In this week’s BlackRock’s Chart of the Week, they showed the following image:

They also wrote the following text:

Unfortunately, investors often take actions counterintuitive to investing best practices. In an ideal world, investors “buy low, sell high.” Though the rule seems simple, we’ve often seen investors do the exact opposite, especially during volatile times. For a few examples, look at historical mutual fund flows versus the performance of the S&P and note how the most flows went out when market prices dropped…and were set to rally.

This isn’t a phenomenon of investor psychology, it’s a phenomenon in misrepresenting information.  In fact, this phenomenon occurs due to the definition of how markets work.  Excess selling pressure reduces prices: for every seller, there must be a buyer, and if there is no buyer at the current price, the seller must reduce their asking price to find a buyer.  Ipso facto, if there are excessive equity outflows, prices must decline.  The two aren’t coincidental, they’re inherently linked!

You’ll notice how BlackRock used 12-month fund flows, which will appropriately lag the equity returns.  Instead of looking at the zero cross-over line, which the eye is naturally drawn towards, look at the inflection points and see how nicely they line up with market tops and bottoms.  Consider the following graph, which shows monthly flows (from TradersNarrative):

US mutual fund flows equity bond ICI data Sept 20091

You’ll notice that US Equity Funds had positive flows after March 2009.  Wait a second … doesn’t that line up with … oh, right — the market bottom.

This is similar to when people say, “the only thing that goes up in a bear market is correlation.”  It’s another tautology.  For the S&P 500 to continuously move in the same direction, the underlying stocks have to move in the same direction.  If all the underlying stocks are moving in the same direction, then there is high correlation.  Correlation is a statistical measure — it is not intrinsic to markets; it is not a law that governs how markets behave.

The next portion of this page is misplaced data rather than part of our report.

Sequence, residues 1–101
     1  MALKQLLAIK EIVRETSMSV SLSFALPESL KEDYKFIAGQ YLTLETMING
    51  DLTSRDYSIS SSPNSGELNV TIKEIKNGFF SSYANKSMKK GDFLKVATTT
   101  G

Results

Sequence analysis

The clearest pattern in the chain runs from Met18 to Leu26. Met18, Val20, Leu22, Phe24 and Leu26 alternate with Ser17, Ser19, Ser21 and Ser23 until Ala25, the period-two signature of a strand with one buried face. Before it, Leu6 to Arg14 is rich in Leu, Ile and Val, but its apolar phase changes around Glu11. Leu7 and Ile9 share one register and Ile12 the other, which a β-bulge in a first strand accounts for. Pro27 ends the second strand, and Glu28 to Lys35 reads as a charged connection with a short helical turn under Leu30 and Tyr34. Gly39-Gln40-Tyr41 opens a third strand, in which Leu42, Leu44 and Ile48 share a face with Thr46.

So while there is plenty of evidence from behavioral finance about irrational investors, this isn’t it: BlackRock is just explaining how markets work.

Corey is co-founder and Chief Investment Officer of Newfound Research, a quantitative asset manager offering a suite of separately managed accounts and mutual funds. At Newfound, Corey is responsible for portfolio management, investment research, strategy development, and communication of the firm's views to clients. Prior to offering asset management services, Newfound licensed research from the quantitative investment models developed by Corey. At peak, this research helped steer the tactical allocation decisions for upwards of $10bn. Corey holds a Master of Science in Computational Finance from Carnegie Mellon University and a Bachelor of Science in Computer Science, cum laude, from Cornell University. You can connect with Corey on LinkedIn or Twitter.